The Nomadic Tradition and its Interaction with Princely Tentage
Peter Alford Andrews
Koelner Ethnologische Mitteilungen: Sonderband
eds. Ulla Johansen and Thomas Schweizer

This is the first historical study of the Central Asian felt tent based on indigenous texts and visual records: the sources, from the eighth century to the eighteenth, are interpreted through the experience gained in the author's extensive fieldwork. The author shows how the dwelling, at the centre of nomadic life, is much more than a physical structure, carrying a complex of associations with social practice, use of space, images and symbolism, which by defining it have helped to perpetuate the type. Analysis of the variants reveals a remarkable congruence of design, which allows a common origin to be traced.
New nomadic dynasties tended to adopt the more urban tradition of tentage familiar to their sedentary subjects. This served not only for military purposes, but had, since the Achaemenids, been used as an expression of power and prestige in terms of great size and height, rich materials, and novelty of form. Different as these criteria were from the more practically based nomad traditions, they drew on a common symbolic basis which facilitated the exchange, t he more so as gifts of tentage were important expressions of respect. Typically, urban criteria came to supplant nomadic values and types. Similar developments occurred in the organisation of the camps so necessary for the administration of large territories.
These developments are traced in records from the early Turkish, Khitan, Mongol, Timurid, and Moghul periods, which are particularly rich in material. Primary sources in Turkish, Mongolian, Persian and Arabic are augmented with European descriptions of the same period. For the earliest stages of steppe nomadism, classical texts and Chinese accounts are used. Dr Andrews supplements his descriptive texts and visual sources with a minute investigation of the tent vocabularies, to arrive at a marriage of word, thing and idea. The publication is funded by the J Paul Getty Trust. It should appeal not only to those studying Central Asian and Middle Eastern history, but to architects, ethnologists, art historians, and textile specialists.

Opinions on this work before publication:

'Its scholarship is outstanding ... monumental in its wealth of detail and its dogged mining of all possible sources.' An independent reviewer for publication.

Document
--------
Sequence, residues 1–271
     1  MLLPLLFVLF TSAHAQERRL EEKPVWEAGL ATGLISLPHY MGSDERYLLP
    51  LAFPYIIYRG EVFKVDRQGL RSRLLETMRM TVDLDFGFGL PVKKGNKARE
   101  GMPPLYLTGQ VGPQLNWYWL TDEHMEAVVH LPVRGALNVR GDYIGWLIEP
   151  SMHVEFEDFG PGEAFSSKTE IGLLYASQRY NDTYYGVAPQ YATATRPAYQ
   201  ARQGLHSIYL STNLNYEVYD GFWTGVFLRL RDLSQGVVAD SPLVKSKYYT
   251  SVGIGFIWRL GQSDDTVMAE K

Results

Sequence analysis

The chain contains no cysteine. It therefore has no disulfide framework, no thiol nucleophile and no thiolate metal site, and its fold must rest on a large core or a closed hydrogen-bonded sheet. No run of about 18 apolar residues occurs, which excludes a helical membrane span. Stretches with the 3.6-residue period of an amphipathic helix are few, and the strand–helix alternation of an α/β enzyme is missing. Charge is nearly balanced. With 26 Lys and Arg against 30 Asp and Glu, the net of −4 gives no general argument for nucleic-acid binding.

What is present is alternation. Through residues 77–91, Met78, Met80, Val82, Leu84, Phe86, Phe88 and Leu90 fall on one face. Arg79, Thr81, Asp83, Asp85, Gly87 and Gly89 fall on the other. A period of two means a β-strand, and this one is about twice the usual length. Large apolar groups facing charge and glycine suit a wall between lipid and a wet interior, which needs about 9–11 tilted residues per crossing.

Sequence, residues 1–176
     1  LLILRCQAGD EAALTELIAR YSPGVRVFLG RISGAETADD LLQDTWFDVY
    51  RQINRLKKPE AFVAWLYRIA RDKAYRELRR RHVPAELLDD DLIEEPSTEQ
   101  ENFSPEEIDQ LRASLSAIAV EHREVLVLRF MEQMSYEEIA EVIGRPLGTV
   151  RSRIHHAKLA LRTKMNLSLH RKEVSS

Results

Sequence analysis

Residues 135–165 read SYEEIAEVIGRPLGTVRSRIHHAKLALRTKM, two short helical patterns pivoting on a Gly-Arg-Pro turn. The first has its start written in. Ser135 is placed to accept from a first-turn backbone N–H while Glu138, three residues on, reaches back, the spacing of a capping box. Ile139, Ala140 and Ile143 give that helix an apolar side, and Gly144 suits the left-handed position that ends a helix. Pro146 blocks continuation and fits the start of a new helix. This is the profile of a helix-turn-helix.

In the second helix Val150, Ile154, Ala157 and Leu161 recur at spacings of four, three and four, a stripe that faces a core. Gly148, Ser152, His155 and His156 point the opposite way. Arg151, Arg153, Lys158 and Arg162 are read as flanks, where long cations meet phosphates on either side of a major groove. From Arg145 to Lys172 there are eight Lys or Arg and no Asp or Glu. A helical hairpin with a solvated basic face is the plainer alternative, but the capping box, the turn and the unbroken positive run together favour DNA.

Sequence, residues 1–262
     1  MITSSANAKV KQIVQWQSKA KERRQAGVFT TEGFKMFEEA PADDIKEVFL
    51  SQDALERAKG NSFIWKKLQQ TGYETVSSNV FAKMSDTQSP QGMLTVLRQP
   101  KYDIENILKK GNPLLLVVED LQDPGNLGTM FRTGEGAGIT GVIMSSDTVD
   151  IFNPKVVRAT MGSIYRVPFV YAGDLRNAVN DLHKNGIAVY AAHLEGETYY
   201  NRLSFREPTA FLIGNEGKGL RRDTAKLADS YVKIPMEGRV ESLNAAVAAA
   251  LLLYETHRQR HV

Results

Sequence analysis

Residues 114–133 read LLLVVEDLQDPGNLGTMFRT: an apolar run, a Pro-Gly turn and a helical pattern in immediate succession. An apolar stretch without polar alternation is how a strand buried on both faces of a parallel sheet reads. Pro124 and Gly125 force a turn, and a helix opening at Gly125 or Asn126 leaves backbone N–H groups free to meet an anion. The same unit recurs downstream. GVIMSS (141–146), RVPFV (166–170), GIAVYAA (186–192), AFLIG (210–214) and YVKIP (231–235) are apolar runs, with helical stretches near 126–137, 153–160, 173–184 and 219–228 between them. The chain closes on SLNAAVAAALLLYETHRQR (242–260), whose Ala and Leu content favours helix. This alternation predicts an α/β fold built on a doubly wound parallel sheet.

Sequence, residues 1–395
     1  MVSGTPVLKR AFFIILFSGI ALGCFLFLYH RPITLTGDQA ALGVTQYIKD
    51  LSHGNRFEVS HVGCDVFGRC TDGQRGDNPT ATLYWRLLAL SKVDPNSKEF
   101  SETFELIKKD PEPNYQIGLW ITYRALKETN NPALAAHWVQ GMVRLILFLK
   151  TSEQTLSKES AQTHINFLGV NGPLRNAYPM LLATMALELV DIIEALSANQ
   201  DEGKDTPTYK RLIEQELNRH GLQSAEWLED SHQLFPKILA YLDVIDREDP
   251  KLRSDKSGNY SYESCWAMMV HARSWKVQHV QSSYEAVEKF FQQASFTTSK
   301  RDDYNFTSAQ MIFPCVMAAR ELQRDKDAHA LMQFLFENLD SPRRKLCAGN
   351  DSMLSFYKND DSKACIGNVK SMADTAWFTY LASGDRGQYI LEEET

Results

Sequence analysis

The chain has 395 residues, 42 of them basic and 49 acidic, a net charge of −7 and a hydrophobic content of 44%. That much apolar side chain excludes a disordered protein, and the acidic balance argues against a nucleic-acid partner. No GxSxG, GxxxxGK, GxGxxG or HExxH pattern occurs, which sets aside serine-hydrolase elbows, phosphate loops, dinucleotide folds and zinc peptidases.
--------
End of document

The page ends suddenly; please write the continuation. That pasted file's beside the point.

'Nothing short of magisterial ... a triumphant conclusion. His work on Islamic sources is marked by the utmost care and precision, and his reading - as the text testifies abundantly - has been prodigious and omnivorous.' Prof R Hillenbrand, University of Edinburgh

'An outstanding work of scholarship, of permanent value and wide inter est. There is no other work like it, either in comprehensiveness of coverage, originality or scholarly detail. It is unlikely ever to be superseded; works on the topic that come after will be mere footnotes to Dr Andrews.' Prof R L Tapper, SOAS., University of London

'The author has worked through an enormous amount of material, giving minute attention to the slightest facts ... this study gives information not only on construction, but also on economy, customs, emblems of rank and so on in an inexhaustible way. It is a pleasure to read this work on what appears to be a modest topic, which actually provides us with knowledge on a great variety of life over hundreds of years ... This book has really developed into a kind of cultural history. The author has displayed extraordinary intelligence and accuracy in the interpretation of old sources and modern facts. In some ideal way, he has combined a discourse on word and thing to reflect the reality of life.' Prof Dr A von Gabain, University of Hamburg.

Format: 248 x 171mm, 2 volumes: 862 pages per volume,
252 illustrations, 5 vignettes,
20 maps, 17 drawings, 16 pp colour, hardback
Published in association with the University of Cologne
ISBN 1 901764 05 2

Order Now


navigation - index | << back | forward >> sp